“The Hispanic Society has been anti-union from the outset. They conducted an anti-union campaign to try to convince the workers not to unionize. That failed miserably – the vote was almost unanimous. Negotiations have been characterized by acrimony and antagonism to long-term workers. The Union has been forced to file numerous unfair labor practices,” Maida Rosenstein Director of Organizing for Local 2110 of the UAW (United Automobile Workers) told Cultbytes. Rosenstein continues, “The union is a “wall to wall” bargaining unit including curators, conservators, art technicians, education, development, marketing and maintenance staff.”
UAW represents workers at many well-known New York institutions such as Museum of Modern Art as well as Bronx Museum, New York Historical Society, Jewish Museum, Tenement Museum, New Museum, and the Shed, among others.
Both parties are hurting. The Hispanic Society’s management issued a press message on April 6, 2023 stating that management “is disappointed to read recent false narratives that have been picked up in the press and on social media.” The communique also states that an “active minority” of their staff is not “fully embracing” the museum’s new vision and accuses union workers of bullying their colleagues.
It is a struggle for unions and museums to reach agreements. Last month Whitney Museum of American Art finally approved a contract with 2110. Their unionizing process was also made lengthy by the museum’s board—like The Hispanic Society, they filed their petition to unionize in May 2021. The new contract included a 15 percent increase in non-managerial employee wages—raising the minimum pay rates by more than 29 percent—with additional increases of 9.5 percent during the contract which expires in June 2026. Some payments will be made retroactively and employees will be paid a $1,000 one-time bonus when the deal is ratified.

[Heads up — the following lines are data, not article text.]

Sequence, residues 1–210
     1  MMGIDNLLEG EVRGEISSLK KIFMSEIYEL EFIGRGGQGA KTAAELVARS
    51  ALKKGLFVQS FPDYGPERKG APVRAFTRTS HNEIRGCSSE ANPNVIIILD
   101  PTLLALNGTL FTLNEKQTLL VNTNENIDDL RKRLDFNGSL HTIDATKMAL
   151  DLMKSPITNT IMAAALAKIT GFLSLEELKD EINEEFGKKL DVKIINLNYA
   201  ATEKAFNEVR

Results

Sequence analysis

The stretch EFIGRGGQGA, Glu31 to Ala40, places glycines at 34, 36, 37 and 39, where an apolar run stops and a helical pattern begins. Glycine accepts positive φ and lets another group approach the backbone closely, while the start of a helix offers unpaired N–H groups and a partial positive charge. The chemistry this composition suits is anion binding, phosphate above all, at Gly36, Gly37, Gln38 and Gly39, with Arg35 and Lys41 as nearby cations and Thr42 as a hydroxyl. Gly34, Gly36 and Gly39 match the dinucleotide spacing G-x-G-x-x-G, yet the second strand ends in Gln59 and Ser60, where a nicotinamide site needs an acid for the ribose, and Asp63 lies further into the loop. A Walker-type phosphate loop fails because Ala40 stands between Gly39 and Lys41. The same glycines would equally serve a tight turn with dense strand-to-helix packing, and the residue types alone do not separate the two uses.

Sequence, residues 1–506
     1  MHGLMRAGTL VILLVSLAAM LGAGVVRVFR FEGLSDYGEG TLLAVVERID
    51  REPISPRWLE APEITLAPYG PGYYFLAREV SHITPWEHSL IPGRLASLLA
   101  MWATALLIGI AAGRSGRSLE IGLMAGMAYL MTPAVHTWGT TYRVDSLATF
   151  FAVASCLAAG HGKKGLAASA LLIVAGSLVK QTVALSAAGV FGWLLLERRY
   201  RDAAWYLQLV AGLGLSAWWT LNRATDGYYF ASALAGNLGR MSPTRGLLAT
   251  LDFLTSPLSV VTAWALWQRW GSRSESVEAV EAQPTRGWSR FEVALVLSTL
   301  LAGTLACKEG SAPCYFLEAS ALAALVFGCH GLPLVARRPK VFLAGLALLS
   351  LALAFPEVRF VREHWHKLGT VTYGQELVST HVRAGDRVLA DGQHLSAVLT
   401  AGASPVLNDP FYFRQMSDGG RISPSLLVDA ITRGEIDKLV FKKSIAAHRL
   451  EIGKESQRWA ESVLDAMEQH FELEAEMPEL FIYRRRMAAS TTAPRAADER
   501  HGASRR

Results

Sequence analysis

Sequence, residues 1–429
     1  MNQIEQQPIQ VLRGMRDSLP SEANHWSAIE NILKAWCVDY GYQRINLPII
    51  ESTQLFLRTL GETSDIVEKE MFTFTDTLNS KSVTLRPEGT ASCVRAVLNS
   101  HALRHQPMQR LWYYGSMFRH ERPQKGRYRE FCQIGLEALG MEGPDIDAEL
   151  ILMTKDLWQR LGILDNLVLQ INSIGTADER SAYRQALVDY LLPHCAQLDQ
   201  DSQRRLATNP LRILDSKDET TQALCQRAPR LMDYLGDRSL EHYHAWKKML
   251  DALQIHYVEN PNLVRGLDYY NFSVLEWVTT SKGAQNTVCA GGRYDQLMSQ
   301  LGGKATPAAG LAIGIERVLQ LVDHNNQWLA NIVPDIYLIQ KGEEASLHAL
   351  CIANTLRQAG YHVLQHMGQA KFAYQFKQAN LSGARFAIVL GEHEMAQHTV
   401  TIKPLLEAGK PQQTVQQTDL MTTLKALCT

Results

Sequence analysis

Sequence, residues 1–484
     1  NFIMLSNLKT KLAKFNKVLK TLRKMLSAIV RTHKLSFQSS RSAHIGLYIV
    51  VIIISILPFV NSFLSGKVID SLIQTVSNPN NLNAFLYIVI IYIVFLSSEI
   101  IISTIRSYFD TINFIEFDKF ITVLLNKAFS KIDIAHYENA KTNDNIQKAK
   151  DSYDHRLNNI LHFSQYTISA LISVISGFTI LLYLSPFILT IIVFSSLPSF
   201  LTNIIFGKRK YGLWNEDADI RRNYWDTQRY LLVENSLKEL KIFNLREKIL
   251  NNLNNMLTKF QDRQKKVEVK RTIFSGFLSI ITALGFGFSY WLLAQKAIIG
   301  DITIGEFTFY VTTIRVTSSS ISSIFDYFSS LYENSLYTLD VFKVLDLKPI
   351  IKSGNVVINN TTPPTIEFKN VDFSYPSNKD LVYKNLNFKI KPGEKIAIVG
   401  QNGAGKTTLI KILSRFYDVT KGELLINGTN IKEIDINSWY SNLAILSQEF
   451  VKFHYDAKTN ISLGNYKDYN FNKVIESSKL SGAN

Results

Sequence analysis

Brooklyn Museum workers filed their petition to unionize in January 2022 and have yet to come to an agreement. An example of museum leadership’s unwillingness to behave at the negotiating table the museum offered a 3 percent wage increase if the union accepts their offer in full, however, the wage increase would decrease to 1.5 percent in 2023 and 2024. The union is asking for a minimum of a 7 percent increase retroactive to July 1, 2022 and 4 percent in 2023 and 2024, according to an article in ARTnews. Some visitor services and retail workers are paid only $16 and change an hour, less than $2 above New York state’s minimum wage mandate.
When The Hispanic Society and the union last sat at the negotiating table on April 3 they were in agreement on many points. The museum offered a deal encompassing retroactive wage increases of 5% and guaranteed future wage increases, competitive retirement benefits including guaranteed contributions by the Society, up to 5 weeks vacation time based on seniority, 15 days Paid Time Off, and minimum salaries for all union positions (ranging from a minimum salary of $52,000 to a minimum salary of $95,000). However, they still required future hires to cover between 10% and 25% of their health insurance—a point that 2110 would not accept.
The Hispanic Society are not the only museum workers who are using striking to push their contract negotiations forward. Workers at the Philadelphia Museum of Art ended a 19-day strike when their contract was finalized last year.
“The Society is jeopardizing its own invaluable holdings: We are severely understaffed and our incredible collection is in jeopardy because of a lack of proper safeguards, ” says Patrick Lenaghan, a curator who has worked at the Hispanic Society for twenty-eight years. He continues “The strike has shown that the administration is willing to endanger priceless treasures.”
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Anna Mikaela Ekstrand is editor-in-chief and founder of Cultbytes. She mediates art through writing, curating, and lecturing. Her latest books are Assuming Asymmetries: Conversations on Curating Public Art Projects of the 1980s and 1990s and Curating Beyond the Mainstream. Send your inquiries, tips, and pitches to firstname.lastname@example.org.